#1  
Old 07-02-2007, 07:37 PM
Serf
 
Join Date: Jun 2007
Location: Columbia, South Carolina
Posts: 24
Default Trailer Question

Hello all,

I plan on building a pompeii oven on a trailer. My question is, I am planning on using some type of ceramic insulation board (like isol) instead of vermiculite so do I need to actually pour a slab under the board? I plan on building framing that will become cabinet storage. As long as I can build it to support the weight of the board and oven, is a slab really necessary? Thanks for all your input in advance!

Tony
Lexington, SC
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  #2  
Old 07-02-2007, 09:05 PM
nissanneill's Avatar
Il Pizzaiolo
 
Join Date: Apr 2007
Location: Adelaide, South Australia
Posts: 1,844
Thumbs up Re: Trailer Question

Hi Tony.
having built numerous types of trailers and a Pompeii oven, I will be the first to throw my pebble into the pond.
If I was in your situation, I would build a substantial steel framework (because it can easily be welded for maximum strength and rigidity), similar to the flooring joist dimensions for a 2 story house, say with beams 450mm (or less if required) apart and glue/screw a 25mm (1") sheet of compressed cement sheeting to it. This would be strong enough provided adequate reinforcement was under the load bearing areas of the oven perimeter.This is the same as for a wet areas floor in a house. Onto that I would place and secure my Isol board and again glue and secure it well. You certainly don't want it to slide off when going around a corner and losing the lot. I would also look at methods of securing the outer dimensions of the oven to the frame within or behind the insulation layer(s).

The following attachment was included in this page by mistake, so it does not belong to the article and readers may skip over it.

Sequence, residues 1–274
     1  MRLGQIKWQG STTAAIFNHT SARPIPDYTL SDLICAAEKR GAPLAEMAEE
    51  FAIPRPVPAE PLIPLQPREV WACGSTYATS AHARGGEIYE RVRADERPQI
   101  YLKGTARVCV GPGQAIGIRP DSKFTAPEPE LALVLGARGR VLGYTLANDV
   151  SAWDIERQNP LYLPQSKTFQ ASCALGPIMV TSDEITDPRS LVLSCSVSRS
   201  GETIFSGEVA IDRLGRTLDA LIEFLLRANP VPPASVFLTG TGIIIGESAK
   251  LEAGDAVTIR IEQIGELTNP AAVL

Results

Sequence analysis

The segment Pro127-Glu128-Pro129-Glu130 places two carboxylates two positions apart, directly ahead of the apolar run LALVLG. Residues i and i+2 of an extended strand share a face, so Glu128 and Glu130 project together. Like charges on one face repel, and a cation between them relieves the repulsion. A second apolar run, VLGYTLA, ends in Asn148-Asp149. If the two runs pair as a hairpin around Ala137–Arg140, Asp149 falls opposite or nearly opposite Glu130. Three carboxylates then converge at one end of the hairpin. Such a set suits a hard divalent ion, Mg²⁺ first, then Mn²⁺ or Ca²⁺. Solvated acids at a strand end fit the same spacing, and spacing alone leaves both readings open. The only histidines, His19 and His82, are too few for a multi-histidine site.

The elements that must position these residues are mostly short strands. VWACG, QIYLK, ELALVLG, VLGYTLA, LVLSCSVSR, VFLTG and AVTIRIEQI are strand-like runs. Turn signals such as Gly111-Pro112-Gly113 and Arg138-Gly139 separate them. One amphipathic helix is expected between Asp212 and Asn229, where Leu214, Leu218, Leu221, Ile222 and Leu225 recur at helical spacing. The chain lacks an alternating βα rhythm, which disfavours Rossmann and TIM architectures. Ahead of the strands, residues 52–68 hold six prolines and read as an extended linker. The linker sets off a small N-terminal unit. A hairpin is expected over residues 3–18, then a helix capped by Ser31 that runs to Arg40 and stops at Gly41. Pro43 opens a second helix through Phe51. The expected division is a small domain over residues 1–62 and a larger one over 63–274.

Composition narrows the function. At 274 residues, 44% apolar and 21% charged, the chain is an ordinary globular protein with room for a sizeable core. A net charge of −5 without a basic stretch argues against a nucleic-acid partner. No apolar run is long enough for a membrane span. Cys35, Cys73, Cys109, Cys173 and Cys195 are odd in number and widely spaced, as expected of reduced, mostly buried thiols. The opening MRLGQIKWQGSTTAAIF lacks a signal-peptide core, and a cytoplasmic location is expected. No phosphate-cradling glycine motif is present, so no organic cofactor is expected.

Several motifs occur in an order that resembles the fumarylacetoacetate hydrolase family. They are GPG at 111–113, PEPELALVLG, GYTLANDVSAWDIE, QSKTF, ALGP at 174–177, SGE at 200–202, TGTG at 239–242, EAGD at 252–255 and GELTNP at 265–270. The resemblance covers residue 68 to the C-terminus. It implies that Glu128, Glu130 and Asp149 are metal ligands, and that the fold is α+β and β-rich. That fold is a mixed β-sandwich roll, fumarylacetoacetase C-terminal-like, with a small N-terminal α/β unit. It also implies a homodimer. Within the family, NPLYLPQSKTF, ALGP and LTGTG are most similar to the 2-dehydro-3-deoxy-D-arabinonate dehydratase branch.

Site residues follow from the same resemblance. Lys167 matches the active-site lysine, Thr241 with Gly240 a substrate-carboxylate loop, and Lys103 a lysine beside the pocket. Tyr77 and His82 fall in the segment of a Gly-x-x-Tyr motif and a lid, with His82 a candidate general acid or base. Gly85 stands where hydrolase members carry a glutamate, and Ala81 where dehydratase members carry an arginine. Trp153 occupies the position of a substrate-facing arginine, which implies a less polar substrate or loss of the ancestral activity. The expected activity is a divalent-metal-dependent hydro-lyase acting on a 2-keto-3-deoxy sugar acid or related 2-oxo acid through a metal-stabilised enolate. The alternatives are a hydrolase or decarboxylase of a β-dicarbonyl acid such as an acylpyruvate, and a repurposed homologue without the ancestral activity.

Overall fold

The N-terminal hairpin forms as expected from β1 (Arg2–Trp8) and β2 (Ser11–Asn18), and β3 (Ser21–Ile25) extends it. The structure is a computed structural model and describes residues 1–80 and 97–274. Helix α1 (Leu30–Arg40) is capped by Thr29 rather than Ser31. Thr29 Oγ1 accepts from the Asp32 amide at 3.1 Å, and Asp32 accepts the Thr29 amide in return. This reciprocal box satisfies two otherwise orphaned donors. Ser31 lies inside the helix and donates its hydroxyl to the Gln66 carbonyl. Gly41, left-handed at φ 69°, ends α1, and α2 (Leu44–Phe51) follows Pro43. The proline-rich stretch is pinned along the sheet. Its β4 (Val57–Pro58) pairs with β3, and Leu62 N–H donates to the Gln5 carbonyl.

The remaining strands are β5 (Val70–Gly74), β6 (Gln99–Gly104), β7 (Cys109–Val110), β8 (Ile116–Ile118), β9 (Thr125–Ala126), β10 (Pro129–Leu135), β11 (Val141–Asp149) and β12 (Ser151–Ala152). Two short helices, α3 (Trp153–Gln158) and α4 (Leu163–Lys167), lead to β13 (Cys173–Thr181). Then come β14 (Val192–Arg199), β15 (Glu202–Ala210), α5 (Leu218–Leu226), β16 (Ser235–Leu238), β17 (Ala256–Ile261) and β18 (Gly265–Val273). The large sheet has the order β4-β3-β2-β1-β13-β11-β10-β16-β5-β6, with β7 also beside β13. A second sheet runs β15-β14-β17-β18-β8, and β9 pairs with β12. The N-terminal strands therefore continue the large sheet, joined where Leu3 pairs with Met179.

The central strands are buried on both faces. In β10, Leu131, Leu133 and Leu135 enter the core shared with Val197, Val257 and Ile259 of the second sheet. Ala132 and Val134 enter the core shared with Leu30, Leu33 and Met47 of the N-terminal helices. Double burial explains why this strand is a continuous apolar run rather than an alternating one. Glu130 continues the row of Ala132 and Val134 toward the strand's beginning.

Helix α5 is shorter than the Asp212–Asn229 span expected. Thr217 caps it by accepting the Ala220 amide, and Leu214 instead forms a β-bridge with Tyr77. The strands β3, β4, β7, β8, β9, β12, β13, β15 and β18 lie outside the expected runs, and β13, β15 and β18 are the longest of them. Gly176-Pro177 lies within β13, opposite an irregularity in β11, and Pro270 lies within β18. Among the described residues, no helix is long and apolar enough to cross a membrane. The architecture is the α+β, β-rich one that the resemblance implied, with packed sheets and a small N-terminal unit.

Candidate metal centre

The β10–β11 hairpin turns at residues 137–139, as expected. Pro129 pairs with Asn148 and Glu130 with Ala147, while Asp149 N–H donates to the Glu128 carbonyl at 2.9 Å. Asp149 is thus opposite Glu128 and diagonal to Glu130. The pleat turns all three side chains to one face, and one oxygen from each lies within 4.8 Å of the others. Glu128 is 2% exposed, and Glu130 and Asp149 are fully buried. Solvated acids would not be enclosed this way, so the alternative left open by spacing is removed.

I assume that your Pompeii oven will be constructed from bricks rather than cast panels? If bricks, then, I would also look at putting adequate steel mesh reinforcing and cemented around the dome to prevent the oven from cracking, falling apart because it will be moved, bumped, knocked etc. every time it is moved and let's face it, other people won't treat it with the care and attention that you would. It will need to be extra strong and rugged to withstand the rigors anticipated and alittle more in reserve.
To achieve this, I would put a stainless steel (it won't be affected by the heat and won't rust), band around the base soldier bricks, (first row), so that it will be impossible for them to move once laid. I would also use the best high temperature refractory mortar available rather than using cement/lime and fireclay mortar. These will be supporting all of the dome bricks and hence all of the weight. This would be very easy to achieve, simply by welding posts onto the frame and cuo though the cement and isol sheets, then covered with your insulation or dome cover (house if using loose insulation).
Hope this gets you thinking along similar lines, prevention is better than cure, Build it right first time and not have to fix a problem once experienced.

Neill
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